- Example: Professor Cardoza; President Hilgersom; John Smith, Instructor; Jane Doe, Director; Sue Smith, Business Division Dean; etc.
- Example: "...a meeting that included the dean..."; "...a letter to the department's instructor..."; "...directors and administrators met to discuss..."; "...the dean asked if the meeting could..."; etc.
When using the word 'department' (or 'program', 'committee', and the like) as part of a recognized name it should be capitalized:
- Betty is now working in the Biology Department.
- Susan joined the Nursing Program.
- Nicole is part of the Activities Committee.
If using 'department', etc. not as part of a specific name, it should be lower case:
- We had a party to welcome Betty to the department.
- Susan enjoys being part of the program.
- Nicole puts in a lot of hours for the committee.
But if using 'biology', etc. not as the name of a specific department, but rather as a field of expertise, you would write:
- Betty works in biology.
- Susan works in nursing.
- Nicole enjoys being part of a committee.
Catalog (College Catalog)
Use "College Catalog" (note capitalization) to refer to the document outlining the College's programs and other information. Note: Course catalog refers to the College's inventory of course descriptions in the student information system (MyTMCC).
Clip art is generally not allowed in TMCC publications, except for instruction to small children. Advanced approval is required. The Marketing and Communications Office offers photographic services to the College, and subscribes to an online stock photography service.
Use "College" when referring to all TMCC instructional sites, centers and other locations where instruction is offered.
After a first reference of the full name of the College (Truckee Meadows Community College), "College" may be used to refer to TMCC (note capitalization).
See also: Educational Centers/Sites
Comma in a Series
Follow AP Stylebook. In a series of three, use only one comma.
- Example: There are nursing, automotive and computer students in the hallway.
College committee names are capitalized.
- Example: Curriculum Committee; Academic Standards Committee
For more than one committee, capitalize the committee name, but lowercase the word "committees".
- Example: the Curriculum and Academic Standards committees
Use of the copyright symbol should generally contain three elements together, or in close proximity to each other.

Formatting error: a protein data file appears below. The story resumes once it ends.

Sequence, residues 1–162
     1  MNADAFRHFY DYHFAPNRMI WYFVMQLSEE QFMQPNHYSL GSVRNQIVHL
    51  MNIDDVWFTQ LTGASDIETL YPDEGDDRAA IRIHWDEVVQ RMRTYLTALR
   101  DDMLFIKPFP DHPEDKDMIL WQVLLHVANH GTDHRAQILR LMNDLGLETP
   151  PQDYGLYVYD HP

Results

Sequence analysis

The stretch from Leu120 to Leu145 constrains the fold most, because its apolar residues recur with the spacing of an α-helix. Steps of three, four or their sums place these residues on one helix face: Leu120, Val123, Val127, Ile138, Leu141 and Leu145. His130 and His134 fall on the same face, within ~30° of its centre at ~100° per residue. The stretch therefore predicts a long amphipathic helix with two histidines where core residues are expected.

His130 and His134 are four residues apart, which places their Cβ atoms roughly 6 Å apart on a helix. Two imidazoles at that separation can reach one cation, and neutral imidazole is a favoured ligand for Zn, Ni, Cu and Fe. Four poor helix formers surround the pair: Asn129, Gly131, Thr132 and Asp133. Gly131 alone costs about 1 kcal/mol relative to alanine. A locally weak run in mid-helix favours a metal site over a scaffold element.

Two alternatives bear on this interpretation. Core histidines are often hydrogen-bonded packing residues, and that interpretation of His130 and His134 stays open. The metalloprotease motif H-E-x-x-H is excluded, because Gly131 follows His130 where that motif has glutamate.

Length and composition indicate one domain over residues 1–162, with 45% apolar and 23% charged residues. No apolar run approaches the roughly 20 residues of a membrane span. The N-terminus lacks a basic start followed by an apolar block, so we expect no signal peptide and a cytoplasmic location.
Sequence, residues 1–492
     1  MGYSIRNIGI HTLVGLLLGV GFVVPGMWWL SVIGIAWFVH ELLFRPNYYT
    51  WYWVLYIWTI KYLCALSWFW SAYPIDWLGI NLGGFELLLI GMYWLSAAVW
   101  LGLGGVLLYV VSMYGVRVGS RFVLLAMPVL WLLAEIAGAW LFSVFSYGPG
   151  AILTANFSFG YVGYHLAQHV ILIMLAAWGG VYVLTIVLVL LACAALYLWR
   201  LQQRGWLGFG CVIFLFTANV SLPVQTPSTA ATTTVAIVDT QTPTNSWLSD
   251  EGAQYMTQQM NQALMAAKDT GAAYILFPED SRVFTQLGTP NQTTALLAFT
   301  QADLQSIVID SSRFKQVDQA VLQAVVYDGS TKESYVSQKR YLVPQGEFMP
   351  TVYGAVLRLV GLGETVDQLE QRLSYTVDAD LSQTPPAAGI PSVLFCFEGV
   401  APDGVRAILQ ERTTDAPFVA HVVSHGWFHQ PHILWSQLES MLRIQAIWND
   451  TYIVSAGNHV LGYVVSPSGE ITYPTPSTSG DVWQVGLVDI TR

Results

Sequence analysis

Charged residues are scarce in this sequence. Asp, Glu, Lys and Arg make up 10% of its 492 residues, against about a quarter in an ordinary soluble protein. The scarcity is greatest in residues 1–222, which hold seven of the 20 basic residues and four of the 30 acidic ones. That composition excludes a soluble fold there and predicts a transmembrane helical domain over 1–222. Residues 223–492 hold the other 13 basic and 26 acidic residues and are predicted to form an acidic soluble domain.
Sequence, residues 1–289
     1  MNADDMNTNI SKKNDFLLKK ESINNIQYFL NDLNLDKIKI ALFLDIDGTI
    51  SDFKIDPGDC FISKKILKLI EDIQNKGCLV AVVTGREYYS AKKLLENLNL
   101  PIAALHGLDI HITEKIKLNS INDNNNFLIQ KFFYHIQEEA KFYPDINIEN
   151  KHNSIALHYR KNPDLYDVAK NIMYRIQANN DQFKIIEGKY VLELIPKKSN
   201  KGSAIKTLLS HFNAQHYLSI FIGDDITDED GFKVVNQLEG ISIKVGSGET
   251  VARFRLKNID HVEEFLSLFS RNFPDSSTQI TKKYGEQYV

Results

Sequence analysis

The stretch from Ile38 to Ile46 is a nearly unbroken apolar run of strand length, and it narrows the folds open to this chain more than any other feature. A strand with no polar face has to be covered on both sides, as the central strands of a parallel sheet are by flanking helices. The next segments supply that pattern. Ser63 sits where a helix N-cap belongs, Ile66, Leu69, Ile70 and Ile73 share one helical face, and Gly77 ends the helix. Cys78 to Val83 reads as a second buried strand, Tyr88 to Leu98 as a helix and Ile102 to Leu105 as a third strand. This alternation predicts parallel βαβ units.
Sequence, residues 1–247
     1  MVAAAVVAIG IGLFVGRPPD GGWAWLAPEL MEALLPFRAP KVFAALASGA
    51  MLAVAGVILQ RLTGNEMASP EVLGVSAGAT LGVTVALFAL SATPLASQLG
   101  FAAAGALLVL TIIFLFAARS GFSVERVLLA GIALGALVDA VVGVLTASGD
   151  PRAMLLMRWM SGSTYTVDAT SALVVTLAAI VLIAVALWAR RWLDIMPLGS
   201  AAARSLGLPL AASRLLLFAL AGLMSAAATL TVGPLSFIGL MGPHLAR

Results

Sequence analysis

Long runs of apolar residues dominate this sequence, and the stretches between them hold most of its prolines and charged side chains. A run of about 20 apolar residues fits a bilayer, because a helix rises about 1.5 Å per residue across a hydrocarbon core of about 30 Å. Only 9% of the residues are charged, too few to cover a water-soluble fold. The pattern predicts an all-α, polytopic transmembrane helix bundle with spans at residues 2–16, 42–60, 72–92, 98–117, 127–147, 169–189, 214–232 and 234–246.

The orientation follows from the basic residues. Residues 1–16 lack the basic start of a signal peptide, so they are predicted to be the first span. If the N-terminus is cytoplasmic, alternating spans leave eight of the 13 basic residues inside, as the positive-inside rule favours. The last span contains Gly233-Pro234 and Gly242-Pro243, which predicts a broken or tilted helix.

- The symbol © (letter C in a circle); the word "Copyright"; or the abbreviation "Copr."
- The year of first publication.
- The name of the copyright owner.
Below are a few examples of how some major companies use the copyright symbol for their website copyright notice.
- © 2019 Twitter
- © 2019 Instagram
- © 2018 Google Inc. All rights reserved.
- © 1997-2018 Netflix, Inc.
- Copyright © 2019 The President and Fellows of Harvard College
- LinkedIn Corp. © 2019
- Copyright © 2018 Apple Inc. All rights reserved.
- Facebook © 2019
The majority of these companies use the copyright symbol in the front, then the current year and name of the company. But this can vary without impacting protection of the copyright. Some add "All Rights Reserved" as well. The copyright symbol is generally not necessary, but the function of the symbol remains the same: to give notice that the identified work is protected by copyright.
Follow AP Stylebook. For example, always use lower case and the $ sign in all except casual references or amounts without a figure. Do not add space between the $ sign and the numeral.
- Example: The book costs $4.
- For dollar amounts without cents, do not add the ".00" ($4 not $4.00)
For amounts more than $1 million, use the $ and numerals up to two decimal places.
- Example: It is worth $4.35 million.
Dates should be formatted as Nov. 9, 2014. Do not use "th" after the day (e.g., November 9th or the 9th of November).
- When publicizing an upcoming event, use the day of the week and no year. Do not use the letter suffixes such as 1st, 2nd, 3rd.
- Example: Commencement will be held on Friday, May 22.
- If your event is over a date range, please skip the day of the week, such as: TMCC will be closed Jan. 1–2 for the New Year's Eve holiday.
- If you are writing about a past event, you may skip the day of the week and include the year: Last year's commencement ceremony was held on May 23, 2014.
- For an annual event, you may use arabic numerals in the title of the event (e.g., 3rd Annual, 6th Annual).
- Abbreviating days of the week: use three letter abbreviations and a period: Mon., Tue., Wed., Thu., Fri., Sat., Sun.
See Also: Entry for formatting Time.
- For all TMCC departments, programs, centers, offices and divisions, "office, department or division" appear after the specific title.
- Examples: Business Division; Equity and Inclusion Office; Emergency Medical Services Department
- College department names are in proper case.
- Example: the English Department; Admissions and Records Office
- Lowercase the word "offices" when more than one department is noted.